Homework Help: Intergrating factor

1. Feb 1, 2010

annoymage

1. The problem statement, all variables and given/known data

(2y-6x)dx + (3x+4x2y-1)dy = 0

2. Relevant equations

3. The attempt at a solution

(3xy+4x2)dy/dx = 6xy-2y2

i'm stuck, want to find the intergrating factor, it's xy2 when i reverse from the answer :D.. give me any hint please

2. Feb 1, 2010

annoymage

or am i suppose to use special integrating factor??

3. Feb 1, 2010

Dick

Are you sure there is an integrating factor? Maybe I'm just not seeing it. But you could also try the substitution v=y/x. That should make it separable.

4. Feb 2, 2010

annoymage

yey, i got it now, there's another technique which i don't really know the details..

But to find suitable intergrating factor,

its something like

e($$1/M$$)[($$N(x,y)/dx$$) - ($$M(x,y)/dy$$)]

and is equal to xy2

and multiply both sides by the integrating factor, and will get Exact form of equation and solve it, hoho,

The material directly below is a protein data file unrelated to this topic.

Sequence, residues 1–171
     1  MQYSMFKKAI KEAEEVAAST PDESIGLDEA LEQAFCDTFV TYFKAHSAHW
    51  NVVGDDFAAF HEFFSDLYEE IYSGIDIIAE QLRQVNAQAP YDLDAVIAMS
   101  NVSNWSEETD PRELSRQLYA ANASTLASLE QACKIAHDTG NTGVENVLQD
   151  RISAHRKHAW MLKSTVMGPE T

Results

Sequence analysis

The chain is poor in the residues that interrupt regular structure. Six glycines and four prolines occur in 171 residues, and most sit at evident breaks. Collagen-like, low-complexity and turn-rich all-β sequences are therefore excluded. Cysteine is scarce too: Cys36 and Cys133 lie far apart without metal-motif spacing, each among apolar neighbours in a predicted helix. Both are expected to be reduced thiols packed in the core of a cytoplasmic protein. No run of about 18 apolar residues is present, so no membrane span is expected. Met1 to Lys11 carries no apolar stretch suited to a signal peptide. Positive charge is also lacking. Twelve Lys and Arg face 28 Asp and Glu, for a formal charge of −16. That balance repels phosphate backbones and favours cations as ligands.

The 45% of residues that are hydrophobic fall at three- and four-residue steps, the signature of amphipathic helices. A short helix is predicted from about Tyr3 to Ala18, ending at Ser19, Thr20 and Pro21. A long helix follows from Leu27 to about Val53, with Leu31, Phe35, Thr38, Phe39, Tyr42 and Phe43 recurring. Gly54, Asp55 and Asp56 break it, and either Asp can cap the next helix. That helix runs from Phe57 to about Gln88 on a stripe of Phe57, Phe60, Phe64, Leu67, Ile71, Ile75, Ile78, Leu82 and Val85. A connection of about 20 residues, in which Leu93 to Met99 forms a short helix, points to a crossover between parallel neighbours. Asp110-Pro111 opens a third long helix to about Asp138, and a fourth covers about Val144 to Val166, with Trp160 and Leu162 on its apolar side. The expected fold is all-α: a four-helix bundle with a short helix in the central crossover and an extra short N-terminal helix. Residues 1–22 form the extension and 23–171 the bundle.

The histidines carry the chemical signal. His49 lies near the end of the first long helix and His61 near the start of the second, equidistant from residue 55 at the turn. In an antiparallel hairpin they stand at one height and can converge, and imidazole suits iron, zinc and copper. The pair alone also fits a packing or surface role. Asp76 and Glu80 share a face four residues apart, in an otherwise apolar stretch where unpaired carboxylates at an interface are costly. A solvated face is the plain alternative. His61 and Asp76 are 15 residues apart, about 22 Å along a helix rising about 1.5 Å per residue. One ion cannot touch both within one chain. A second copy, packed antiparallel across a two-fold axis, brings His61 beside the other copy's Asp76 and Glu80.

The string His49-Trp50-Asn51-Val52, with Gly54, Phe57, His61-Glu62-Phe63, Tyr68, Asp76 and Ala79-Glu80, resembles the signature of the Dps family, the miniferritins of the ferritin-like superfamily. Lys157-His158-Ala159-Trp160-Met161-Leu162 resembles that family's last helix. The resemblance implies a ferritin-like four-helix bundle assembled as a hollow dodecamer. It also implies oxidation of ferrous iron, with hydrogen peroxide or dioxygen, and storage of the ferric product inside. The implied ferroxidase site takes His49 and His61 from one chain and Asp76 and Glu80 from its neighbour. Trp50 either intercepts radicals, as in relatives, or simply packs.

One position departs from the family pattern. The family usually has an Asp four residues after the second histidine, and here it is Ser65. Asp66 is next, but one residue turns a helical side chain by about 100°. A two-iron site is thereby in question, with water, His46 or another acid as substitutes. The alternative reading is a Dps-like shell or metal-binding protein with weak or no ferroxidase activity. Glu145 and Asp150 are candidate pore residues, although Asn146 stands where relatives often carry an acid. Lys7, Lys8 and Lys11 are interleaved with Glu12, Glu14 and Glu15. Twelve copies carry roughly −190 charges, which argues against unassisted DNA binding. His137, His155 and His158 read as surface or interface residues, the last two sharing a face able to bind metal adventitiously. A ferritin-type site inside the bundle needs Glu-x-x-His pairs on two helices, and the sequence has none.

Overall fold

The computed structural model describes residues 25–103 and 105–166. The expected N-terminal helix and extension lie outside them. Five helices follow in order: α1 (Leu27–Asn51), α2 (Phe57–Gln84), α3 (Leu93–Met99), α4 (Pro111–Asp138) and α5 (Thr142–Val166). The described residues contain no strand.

but maybe i need to try substituting v=y/x

5. Feb 2, 2010

HallsofIvy

Every first order differential equation has an integrating factor- it just may be hard to find!

Are you required to find an integrating factor? this equation is "homogeneous". Write it as
$$\frac{dy}{dx}= \frac{6x- 2uy}{3x+ 4x^2y^{-1}}= \frac{6- 2\frac{y}{x}}{3+ 4\frac{x}{y}}$$

Let u= y/x so that y= xu and dy/dx= u+ x du/dx and that will become a separable equation for u as a function of x. If you really want to find an integrating factor, I think that solving for u and then y and deriving the integrating factor from the solution is simplest.